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WE RESOLVE: What readers can expect from the Globe’s editorial pages in 2018

Michael Dwyer/Associated Press

The new year brings with it unsettling divisions in the nation’s electorate, record low approval ratings for President Trump, and wild swings in federal policy aired on Twitter. The press is under attack from purveyors of fake news, often abetted by tech platforms like Facebook. Special counsel Robert Mueller’s Russia probe is at a slow boil. Public discourse, more than uncivil, seems to be roiling out of control.

Closer to home, the Commonwealth’s popular Republican governor, Charlie Baker, faces a delicate balancing act as he ramps up his 2018 campaign — weighing what is in the best interest of Massachusetts voters against the toxic demands of a hard-right national GOP.


But Boston — and Massachusetts — have reason for optimism. Mayor Walsh, fresh from a landslide victory, now has running room to make good on his promise to improve Boston Public Schools and build even more housing. The state remains a remarkable crucible for social policies that benefit residents and fill gaps left by federal retrenchment.

In 2018, the Globe’s editorial page will give readers a factual framework to analyze issues in their community — as well as the nation and the world. We’ll aim, as usual, to provoke discussion and air differing points of view on our op-ed page and in our letters column. In fact, over the course of the year, you might be likely to read something you disagree with. Please take a moment to respond with a comment, an e-mail, or a phone call. This mission, so vital for a democracy, has never felt more essential.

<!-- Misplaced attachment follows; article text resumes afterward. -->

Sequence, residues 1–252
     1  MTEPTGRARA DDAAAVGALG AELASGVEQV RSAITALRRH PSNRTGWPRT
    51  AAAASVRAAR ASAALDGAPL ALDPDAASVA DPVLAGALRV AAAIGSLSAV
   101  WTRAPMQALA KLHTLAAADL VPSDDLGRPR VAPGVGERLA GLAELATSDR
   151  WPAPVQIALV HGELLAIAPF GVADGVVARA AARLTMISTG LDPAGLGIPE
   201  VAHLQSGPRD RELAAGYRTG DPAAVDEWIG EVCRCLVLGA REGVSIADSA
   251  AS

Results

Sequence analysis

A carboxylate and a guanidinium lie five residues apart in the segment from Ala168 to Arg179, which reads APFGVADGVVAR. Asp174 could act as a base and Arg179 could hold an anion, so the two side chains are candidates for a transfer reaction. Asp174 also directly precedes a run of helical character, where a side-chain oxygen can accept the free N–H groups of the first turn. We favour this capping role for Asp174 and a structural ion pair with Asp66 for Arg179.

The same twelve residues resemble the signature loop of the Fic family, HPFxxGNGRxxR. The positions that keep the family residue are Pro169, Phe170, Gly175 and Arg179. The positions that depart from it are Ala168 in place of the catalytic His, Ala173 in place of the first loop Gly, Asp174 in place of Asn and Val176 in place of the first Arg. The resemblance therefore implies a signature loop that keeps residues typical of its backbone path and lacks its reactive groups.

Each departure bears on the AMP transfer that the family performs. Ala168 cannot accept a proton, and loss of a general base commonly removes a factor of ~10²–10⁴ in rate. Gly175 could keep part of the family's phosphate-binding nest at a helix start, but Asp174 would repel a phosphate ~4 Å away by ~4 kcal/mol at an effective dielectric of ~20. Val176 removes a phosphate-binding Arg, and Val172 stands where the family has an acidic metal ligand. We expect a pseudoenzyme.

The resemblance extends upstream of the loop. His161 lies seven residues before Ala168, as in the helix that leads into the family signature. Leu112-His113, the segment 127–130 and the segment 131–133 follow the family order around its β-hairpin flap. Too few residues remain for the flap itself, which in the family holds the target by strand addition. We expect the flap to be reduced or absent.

In that spirit, here are our 2018 resolutions:

A Google data center.AP Photo/Google

Hold Facebook and Google accountable

Goal: Advocate for more transparency and tighter regulations for Google and Facebook — companies that have molded the public’s very definition of news.


1. Advocate for smart antitrust regulation that protects users and other businesses from monopolistic practices, yet does not choke off innovation. Together, Google and Facebook accounted for 73 percent of all digital advertising in the United States in 2017, according to data compiled by Pivotal Research Group.


2. Push Google and Facebook to shoulder the social responsibilities of a media company, with tighter curation, transparent policies, and a robust fact-checking operation. A year ago, Facebook partnered with Politifact, vowing to verify more of its vast river of content. Yet Politifact says the effort has been opaque, underpowered, and has produced less than satisfactory results. The impact of fake news on politics, civic dialogue, and the public’s understanding of science is well documented and alarming; urgent solutions are needed.

3. Advocate for more civic engagement in Greater Boston by Google and Facebook, which have a significant workforce and corporate presence. Push for partnerships with Boston schools that result in real-life training and a pathway to employment in tech.

4. Advocate for Internet privacy guidelines like Europe’s “Right to Be Forgotten,” balancing First Amendment rights with every individual’s right to control his or her personal information.

A Newburyport-bound MBTA commuter rail train pulled in to the Rowley station in March 2017.John Blanding/Globe Staff

Help foment a transportation revolution in Greater Boston

Goal: Here’s the shorthand: Make your commute better. Accessible, working mass transportation is an economic engine that serves workers and helps new neighborhoods — and new business districts and startup clusters — take root. The region should tap into big data and conduct innovative experiments in order to radically reinvent transportation in a city laid out on a 17th-century plan.



1. Use big data to inform experiments with driverless electric cars that ferry passengers in and out of high-congestion areas — making sure that underserved areas get equal access.

2. Push for dynamic pricing via open-road tolling at peak hours on heavily used roads. Forty cities already have dynamic pricing; without a hike in the gas tax, it is a way to finance other much-needed transportation access projects.